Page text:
But apart from Jeremy Sams's too-liberal translation of the sung text (the dialogue, evolved in collaboration between Arden and the performers, goes better), it can hardly be called a distortion. John Rath's Sarastro suggests less a wise ruler in need of a successor than a virile, even sensual, man in the prime of life, whose undisguised desire for Pamina is hardly less of a threat to her than Monostatos (as whom, grotesque but not black, Paul Wade sang better than his master, who had difficulty focusing the low notes).
The costumes are a mishmash: the boys change from sailor suits to white Indian-style novices' uniform; Tamino wears a tourist's kit; the fine chorus made the brotherhood, apart from Jonathan Best's nobly sung Orator, look a motley crew; and the Queen of the Night's ladies, played with spirit by Kate Flowers, Teresa Shaw and Frances McCafferty, abandoned mystique for frumpishness.
Otherwise the staging looks well. Rae Smith's stairs and furniture constructed of huge tomes are presumably meant to convey something, but are undeniably efficient in moving the cast around. In the background, a starlit night is symbolically covered by a mystic sun, and the trials by fire and water are predictably tackled with dry ice and coloured light.
The audience clearly enjoyed the show and could be forgiven its untimely laughter as an insouciant attitude to the demonic and transcendent was encouraged from the start. Instead of a symbolic serpent, Tamino was pursued by an engagingly tubby dinosaur: clearly it only wanted to play. It took a well-sung and earnest performance by the personable William Burden to overcome this first impression. Eileen Hulse is a light- voiced Queen of the Night, but generated considerable energy in her revenge aria; as with Sarastro, the production makes her engage physically with her daughter, making the girl's exploitation seem particularly callous.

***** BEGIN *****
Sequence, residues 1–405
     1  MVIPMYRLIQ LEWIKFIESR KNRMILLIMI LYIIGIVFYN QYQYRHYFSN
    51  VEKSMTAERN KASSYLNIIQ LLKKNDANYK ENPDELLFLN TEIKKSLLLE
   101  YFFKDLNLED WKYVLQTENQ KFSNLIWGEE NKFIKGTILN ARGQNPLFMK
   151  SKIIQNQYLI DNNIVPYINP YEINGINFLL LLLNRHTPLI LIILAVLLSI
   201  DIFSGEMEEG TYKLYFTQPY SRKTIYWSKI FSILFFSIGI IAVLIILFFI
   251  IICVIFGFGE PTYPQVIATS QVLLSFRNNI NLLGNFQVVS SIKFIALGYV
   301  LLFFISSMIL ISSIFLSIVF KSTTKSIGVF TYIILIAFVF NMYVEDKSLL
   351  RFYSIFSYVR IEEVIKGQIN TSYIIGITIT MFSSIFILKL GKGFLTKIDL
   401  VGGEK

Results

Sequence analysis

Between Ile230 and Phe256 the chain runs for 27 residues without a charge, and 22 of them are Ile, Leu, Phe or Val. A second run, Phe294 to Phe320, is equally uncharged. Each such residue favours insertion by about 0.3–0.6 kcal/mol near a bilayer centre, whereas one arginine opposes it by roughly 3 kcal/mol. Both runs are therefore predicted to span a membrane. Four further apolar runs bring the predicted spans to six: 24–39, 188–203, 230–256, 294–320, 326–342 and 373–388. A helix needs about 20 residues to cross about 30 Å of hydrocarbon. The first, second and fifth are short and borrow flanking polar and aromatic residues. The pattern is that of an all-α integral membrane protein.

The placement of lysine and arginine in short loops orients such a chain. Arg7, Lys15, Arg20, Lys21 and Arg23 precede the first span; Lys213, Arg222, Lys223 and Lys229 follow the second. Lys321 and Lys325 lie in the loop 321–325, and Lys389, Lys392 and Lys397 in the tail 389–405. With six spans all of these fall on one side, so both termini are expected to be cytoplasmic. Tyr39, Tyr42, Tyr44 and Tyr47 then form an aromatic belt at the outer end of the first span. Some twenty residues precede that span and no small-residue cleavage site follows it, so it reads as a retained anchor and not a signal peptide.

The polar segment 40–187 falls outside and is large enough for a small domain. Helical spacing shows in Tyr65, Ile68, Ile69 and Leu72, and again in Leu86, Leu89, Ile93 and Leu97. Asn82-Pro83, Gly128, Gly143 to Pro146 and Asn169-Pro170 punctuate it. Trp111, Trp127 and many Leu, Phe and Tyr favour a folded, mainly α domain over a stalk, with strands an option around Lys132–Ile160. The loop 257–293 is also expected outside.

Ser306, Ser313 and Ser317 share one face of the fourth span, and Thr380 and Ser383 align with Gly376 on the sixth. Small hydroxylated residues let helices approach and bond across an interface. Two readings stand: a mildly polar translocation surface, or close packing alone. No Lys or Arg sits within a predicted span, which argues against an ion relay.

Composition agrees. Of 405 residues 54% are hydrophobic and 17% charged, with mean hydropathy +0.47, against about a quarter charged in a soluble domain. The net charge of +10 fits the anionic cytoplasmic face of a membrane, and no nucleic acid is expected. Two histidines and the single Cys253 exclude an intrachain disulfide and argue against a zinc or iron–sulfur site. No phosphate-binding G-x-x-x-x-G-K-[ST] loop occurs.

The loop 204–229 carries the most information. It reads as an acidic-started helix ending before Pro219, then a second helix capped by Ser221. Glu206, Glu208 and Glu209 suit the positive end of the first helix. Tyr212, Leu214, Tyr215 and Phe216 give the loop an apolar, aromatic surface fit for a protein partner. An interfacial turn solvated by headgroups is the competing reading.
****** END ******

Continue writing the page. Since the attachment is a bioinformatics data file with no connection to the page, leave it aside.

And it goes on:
Linda Kitchen's exceptionally human Pamina abandons virginal passivity in favour of passion. Her singing lacks the purity usual for Pamina, yet she compelled pin- dropping stillness in her arias; and the suicide scene gained intensity from the evidently sexual basis of her misery. It also benefited from the trio of boys; Mozart had these roles sung by women, but the clarity, audibility and diction of Christopher Domett, Malcolm Lorimer and Peter Wright (from the Manchester Boys' Choir) improve on authenticity.
Also lifting the performance well above the routine is Andrew Parrott's crisp conducting and a splendidly sung Papageno: ably supported by Susan Bisatt's long- legged Papagena, apparently dropping in from Cabaret, William Dazeley's athleticism, belligerent hedonism and charm are worth going some way to enjoy.
In rep at the Grand Theatre, Leeds (0532 459351) to 3 June, then touringReuse content